Justin Matties holding his Nike super shoe

To the Runners: Don’t be afraid to race toward the unknown

  • BY Kimberly Hawkins
  • PHOTOGRAPHY BY Garvin Tso | Graphic Design by Gus Yoo
  • May 8, 2024

Justin Matties can give Mariah Carey and DJ Khaled a run for their money when it comes to caring about shoes. For him, running shoes are a tool and using them in the right way might be the difference between placing on the cross-country podium or walking home empty-handed. 

“I am conducting research on the long-term effects of training in carbon-plated ‘super shoes’ versus traditional racing flats on physiological and biomechanical adaptations in competitive cross-country runners,” said Matties.

He chose Cal State East Bay because of the cross country and track program. He stayed because of Professor Michael Rowley who inspired him as an undergrad to continue on for his master’s in kinesiology. Matties will be graduating May 9 at 5 p.m. in the ceremony for the College of Education and Allied Studies.  

“For years I didn't think I needed to go to office hours, but office hours aren’t just for class help,” said Matties. “My footwear research journey started by going to Dr. Rowley’s office hours and talking about my interest in running shoes. One office hours visit has completely changed my academic and professional journeys for the best.”

Matties’s research is inspired by his own use of super shoes — high-tech sneakers designed to be lightweight, responsive and fast. He, like many other runners, initially reserved these shoes for racing due to their low durability and high cost. Still, he wanted to know if using them during training would affect recovery and performance. 

“I wanted to know if this innovative shoe technology, which improves a runner’s efficiency by about 4%, reduces mechanical demands at the ankle and toe joints, and reduces muscular soreness, potentially stunts positive training adaptations or allows for improved recovery that helps runners train at a higher level,” said Matties. “Since I was interested in biomechanics, I was also curious if runners who trained in super shoes were able to ‘learn’ how to use super shoes more effectively, measured by changes in their biomechanics and acute super shoe performance benefits.”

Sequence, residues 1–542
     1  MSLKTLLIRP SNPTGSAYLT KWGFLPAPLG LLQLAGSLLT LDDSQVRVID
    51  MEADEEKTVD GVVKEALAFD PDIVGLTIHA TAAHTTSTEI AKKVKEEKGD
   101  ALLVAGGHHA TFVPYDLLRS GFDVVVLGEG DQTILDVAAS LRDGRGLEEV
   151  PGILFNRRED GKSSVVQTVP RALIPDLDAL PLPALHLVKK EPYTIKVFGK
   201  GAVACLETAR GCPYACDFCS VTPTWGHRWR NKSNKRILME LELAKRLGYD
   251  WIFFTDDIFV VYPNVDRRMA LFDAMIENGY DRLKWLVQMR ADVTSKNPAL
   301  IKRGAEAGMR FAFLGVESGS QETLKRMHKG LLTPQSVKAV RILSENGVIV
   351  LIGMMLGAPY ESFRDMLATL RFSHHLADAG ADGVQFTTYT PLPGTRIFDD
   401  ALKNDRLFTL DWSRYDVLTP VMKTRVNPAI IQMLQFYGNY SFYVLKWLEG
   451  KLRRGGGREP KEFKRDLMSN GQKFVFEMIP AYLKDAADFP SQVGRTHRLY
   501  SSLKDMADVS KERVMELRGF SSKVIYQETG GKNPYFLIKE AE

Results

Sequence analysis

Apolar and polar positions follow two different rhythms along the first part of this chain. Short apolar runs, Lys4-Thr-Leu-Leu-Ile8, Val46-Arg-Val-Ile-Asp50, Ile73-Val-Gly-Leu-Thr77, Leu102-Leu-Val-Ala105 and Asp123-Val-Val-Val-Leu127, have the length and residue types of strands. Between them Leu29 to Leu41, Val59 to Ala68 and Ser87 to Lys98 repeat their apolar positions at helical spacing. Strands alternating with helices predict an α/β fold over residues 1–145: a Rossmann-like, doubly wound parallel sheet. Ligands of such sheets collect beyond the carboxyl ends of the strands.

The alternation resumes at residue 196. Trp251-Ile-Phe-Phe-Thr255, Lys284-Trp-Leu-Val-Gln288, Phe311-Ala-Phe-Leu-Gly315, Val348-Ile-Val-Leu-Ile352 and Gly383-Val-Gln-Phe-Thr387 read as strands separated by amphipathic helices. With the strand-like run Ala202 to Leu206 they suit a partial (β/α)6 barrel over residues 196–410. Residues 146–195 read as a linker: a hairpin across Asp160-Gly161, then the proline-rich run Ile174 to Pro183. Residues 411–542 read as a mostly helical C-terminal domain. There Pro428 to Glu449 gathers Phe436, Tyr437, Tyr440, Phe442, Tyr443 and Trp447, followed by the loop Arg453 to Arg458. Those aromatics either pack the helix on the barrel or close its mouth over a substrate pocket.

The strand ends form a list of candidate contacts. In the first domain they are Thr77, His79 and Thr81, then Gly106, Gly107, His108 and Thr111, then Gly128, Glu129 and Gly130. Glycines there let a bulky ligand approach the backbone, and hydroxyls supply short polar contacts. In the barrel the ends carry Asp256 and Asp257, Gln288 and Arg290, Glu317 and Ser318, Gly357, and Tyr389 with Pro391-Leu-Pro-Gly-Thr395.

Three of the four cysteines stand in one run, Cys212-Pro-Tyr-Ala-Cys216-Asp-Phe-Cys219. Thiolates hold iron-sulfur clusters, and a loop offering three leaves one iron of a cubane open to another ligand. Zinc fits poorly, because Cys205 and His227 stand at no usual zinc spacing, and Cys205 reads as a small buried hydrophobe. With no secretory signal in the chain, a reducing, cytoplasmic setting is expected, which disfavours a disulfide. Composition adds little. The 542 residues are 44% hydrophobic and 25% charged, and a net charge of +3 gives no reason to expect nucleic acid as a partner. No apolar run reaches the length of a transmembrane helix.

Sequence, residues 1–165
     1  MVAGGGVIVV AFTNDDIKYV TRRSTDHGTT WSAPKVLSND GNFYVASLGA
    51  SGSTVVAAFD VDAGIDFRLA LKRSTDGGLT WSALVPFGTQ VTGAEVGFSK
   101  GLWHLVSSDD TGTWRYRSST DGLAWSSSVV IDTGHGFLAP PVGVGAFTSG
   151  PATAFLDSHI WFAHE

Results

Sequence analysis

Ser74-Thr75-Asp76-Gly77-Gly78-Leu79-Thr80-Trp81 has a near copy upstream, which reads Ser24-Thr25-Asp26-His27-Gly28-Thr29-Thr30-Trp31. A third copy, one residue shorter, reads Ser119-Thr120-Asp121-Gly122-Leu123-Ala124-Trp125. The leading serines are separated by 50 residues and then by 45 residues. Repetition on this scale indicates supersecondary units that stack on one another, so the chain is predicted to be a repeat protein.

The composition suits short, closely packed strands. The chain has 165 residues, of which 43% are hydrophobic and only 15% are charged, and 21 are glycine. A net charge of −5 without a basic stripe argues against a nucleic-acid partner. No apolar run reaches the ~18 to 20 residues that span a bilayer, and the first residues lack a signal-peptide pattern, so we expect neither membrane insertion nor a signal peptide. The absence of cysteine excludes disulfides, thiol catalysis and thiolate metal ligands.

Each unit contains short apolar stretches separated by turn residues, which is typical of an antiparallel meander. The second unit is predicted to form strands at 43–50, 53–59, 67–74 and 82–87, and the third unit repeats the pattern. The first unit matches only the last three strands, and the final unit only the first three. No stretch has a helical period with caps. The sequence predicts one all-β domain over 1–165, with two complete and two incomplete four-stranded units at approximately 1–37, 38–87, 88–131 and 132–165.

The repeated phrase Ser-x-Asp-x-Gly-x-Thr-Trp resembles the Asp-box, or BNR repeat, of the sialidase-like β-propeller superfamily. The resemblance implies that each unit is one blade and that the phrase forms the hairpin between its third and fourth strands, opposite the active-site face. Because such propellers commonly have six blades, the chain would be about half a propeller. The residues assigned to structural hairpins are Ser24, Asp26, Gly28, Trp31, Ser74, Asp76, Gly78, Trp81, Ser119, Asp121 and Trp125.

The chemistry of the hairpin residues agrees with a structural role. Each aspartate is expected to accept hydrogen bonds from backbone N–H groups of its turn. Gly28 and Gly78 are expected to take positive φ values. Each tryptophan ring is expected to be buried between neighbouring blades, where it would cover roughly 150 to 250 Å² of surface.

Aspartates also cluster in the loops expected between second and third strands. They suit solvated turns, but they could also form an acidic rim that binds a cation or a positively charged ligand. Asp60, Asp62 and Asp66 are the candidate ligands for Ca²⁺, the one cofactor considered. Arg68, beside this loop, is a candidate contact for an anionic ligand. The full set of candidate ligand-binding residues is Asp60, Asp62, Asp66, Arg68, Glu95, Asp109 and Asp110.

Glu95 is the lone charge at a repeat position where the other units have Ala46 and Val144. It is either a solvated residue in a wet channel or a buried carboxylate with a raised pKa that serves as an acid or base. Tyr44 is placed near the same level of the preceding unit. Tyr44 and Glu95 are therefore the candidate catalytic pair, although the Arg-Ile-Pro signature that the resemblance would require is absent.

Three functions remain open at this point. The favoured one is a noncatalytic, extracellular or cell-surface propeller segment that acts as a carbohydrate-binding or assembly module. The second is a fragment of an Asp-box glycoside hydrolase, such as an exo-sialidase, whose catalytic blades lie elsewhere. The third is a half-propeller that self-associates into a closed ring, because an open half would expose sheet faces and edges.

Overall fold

“Justin's training intervention study was incredibly ambitious and involved two years of study, talking with 68 potential participants, acquiring 72 pairs of shoes, and conducting 56 data collections,” said Rowley. “There is a reason no one has yet published a longitudinal study like this on super shoes - because it is an incredible amount of work. Justin's contributions to the field have already created a buzz in academic and sport communities and are inspiring new training methods among runners.”

Matties, who has been featured in Outside Magazine and whose research was grant-funded by the Nike Sport Research Lab, hopes his work can help inform runners, coaches and footwear companies about the long-term effects of using super shoes. He will continue his biomechanics research in the Ph.D. program at UMass at Amherst.

“We in the Kinesiology Department are proud and excited for Justin to continue his education and training under Katherine Boyer, a world-renowned biomechanist at UMass Amherst, and eventually to work in the footwear design industry,” said Rowley. “I expect within a decade or so, we will be hearing about some brand-new innovative shoe design Justin has patented. Justin will always have a home in our department, and we wish him luck as he moves on to bigger and better opportunities!”